Reflections teaching Orff workshops around the world.
Tuesday, October 8, 2019
Dead White Men
I’m a huge advocate of expanding the base of who is worthy to inspire the better parts of ourselves. For a long time, I’ve been a fan of poets Basho, Rumi, Hafiz, Mirabel, Emily Dickinson, Edna St. Vincent Millay, Langston Hughes, Mary Oliver, novelists Zora Neale Hurston, Rohinton Mistry, Barbara Kingsolver, Ann Patchett, Khaled Hosseini, Lisa See and more. Then there’s the long list of African-American jazz musicians—Louis, Duke, Ella, Billie, Bird, Diz, Monk, etc.— and scores of West African, Brazilian, Bulgarian, Cuban, Indian, Indonesian, Japanese musicians whose names are not known in the West. Not to mention Gandhi, Mother Theresa, Nelson Mandela, Martin Luther King and the like.
But to be perfectly honest, most of the deeply influential artists and thinkers in my life who continue to refresh me come from that now unpopular lineage of Dead White Men. Johann Sebastian Bach, Charles Dickens, Henry Thoreau, Walt Whitman, Bill Evans, Joseph Campbell and the still-living Keith Jarrett and Gary Snyder. Almost daily, my fingers rove through the prodigious intellect and imagination of Bach and elevate me to a higher plane. And most every Fall my whole adult life, I’ve read and re-read and re-read again a Charles Dickens novel.
But I seem to have taken a break these last three or four years, so decided to dive back in with Nicholas Nickleby. Having just finished A Man Called Ove with author Fredrik Backman’s sparse, simple and effective prose, it was a bit of a transition to get back into the opaque, long sentences of Dickens. But once in the groove, the rewards were—and are— many. Sentences that just make me sit up in admiration and wonder. Little things like:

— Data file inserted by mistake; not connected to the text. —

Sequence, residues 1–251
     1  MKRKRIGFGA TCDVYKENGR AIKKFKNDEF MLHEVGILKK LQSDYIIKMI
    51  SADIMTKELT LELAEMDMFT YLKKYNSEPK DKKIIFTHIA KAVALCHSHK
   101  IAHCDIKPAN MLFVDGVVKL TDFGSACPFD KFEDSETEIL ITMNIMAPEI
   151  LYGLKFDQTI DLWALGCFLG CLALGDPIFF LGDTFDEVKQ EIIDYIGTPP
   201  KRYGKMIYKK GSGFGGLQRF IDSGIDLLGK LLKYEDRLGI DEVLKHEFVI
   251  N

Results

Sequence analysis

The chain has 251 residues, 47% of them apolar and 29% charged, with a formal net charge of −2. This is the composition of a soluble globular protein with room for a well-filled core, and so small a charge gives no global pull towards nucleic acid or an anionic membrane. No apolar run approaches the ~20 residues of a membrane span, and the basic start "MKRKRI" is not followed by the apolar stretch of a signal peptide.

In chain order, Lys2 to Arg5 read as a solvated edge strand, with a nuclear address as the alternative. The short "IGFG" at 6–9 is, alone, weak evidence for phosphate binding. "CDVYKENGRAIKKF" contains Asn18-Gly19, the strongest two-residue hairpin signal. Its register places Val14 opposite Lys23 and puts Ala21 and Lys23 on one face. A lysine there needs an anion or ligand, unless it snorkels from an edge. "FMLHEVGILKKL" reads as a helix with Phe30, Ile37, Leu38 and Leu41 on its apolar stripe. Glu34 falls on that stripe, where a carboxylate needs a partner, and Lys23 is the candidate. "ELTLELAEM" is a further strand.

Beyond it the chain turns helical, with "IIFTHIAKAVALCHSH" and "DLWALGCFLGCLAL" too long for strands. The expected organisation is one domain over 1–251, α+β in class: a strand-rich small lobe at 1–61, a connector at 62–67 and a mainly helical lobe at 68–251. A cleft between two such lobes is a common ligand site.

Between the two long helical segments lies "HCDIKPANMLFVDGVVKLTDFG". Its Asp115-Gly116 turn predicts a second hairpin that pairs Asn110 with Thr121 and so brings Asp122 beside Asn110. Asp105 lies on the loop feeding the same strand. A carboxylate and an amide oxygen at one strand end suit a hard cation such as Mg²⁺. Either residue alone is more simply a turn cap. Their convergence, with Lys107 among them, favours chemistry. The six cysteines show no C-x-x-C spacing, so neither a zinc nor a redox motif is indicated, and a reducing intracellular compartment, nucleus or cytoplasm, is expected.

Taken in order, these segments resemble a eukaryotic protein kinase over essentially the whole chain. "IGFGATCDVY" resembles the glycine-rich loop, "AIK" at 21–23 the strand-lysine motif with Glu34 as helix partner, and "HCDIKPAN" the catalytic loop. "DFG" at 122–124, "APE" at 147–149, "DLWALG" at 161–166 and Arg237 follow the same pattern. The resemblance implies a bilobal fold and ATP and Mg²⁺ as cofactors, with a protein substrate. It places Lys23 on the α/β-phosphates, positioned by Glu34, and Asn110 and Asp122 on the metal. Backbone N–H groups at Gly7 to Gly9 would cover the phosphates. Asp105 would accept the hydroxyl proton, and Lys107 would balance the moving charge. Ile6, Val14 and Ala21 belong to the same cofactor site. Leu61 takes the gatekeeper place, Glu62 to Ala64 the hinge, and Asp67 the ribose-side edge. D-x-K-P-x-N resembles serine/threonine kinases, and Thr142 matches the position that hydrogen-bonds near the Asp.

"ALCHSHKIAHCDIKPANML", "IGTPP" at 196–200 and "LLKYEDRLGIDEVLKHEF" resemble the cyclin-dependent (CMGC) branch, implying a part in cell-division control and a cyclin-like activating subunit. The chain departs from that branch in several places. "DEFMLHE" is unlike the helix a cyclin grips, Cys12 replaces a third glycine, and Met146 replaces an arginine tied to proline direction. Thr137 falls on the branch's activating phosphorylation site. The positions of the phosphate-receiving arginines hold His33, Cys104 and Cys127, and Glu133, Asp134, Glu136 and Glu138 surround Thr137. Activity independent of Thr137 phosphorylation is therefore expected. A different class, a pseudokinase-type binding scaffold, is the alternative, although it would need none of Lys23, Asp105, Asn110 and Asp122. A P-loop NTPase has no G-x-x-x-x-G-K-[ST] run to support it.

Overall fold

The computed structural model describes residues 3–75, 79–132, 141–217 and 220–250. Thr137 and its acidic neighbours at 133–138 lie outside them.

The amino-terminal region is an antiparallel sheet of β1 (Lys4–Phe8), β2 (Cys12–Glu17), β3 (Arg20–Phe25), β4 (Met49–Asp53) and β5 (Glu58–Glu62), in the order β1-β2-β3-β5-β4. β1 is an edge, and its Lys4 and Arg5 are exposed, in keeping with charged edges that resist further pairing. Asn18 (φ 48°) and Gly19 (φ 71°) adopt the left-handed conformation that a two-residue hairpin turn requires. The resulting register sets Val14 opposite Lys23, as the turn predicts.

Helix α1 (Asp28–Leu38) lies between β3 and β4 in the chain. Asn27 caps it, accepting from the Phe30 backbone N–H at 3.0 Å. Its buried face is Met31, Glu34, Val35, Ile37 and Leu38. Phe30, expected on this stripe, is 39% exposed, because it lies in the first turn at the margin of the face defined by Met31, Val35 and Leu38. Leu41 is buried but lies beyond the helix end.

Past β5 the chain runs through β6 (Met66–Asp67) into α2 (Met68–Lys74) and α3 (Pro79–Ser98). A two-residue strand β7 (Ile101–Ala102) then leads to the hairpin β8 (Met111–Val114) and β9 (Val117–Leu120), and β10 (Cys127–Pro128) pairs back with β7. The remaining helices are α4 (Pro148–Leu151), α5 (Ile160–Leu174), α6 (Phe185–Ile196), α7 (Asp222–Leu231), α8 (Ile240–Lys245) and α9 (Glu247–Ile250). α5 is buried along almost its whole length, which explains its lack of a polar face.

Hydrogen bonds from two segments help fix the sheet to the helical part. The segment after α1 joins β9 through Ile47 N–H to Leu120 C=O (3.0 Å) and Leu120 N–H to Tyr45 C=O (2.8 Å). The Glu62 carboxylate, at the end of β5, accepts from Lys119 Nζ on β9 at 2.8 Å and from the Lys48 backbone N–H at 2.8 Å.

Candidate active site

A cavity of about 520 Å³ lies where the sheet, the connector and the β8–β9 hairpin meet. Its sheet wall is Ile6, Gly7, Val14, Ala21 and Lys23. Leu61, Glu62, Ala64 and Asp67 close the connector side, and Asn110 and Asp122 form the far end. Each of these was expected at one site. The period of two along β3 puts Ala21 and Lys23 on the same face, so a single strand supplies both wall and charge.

“Mr. Squeers appearance was not prepossessing. He had but one eye, and the popular prejudice runs in favor of two. …”
Brilliant! And then there is this passage revealing both everything I’ve tried to correct in our view of music and affirm in its power. A group of strangers are thrown together by a carriage accident and awaiting rescue. One turns to another passenger and asks if he can sing.
“I cannot indeed,” replied the gentleman.
“That’s a pity,” said the owner of the good-humored countenance. “Is there nobody here who can sing a song to lighten the time?”
The passengers one and all protested that they could not; that they wished they could, that
they couldn’t remember the words of anything without the book…
The passengers asked the man who brought it up to sing and he replied:
“I would if I could,” said he of the good-tempered face, “for I hold that in this, as in all other cases where people who are strangers to each other are thrown unexpectedly together, they should endeavor to render themselves as pleasant for the joint sake of the little community as possible.”
There you have it. People already in the 1800’s limited by their book-dependence, unmindful of their musical heritage, but aware of music’s power to bring together a little community and pass the time in a most pleasant way. How did Dickens know what my life’s mission was to be?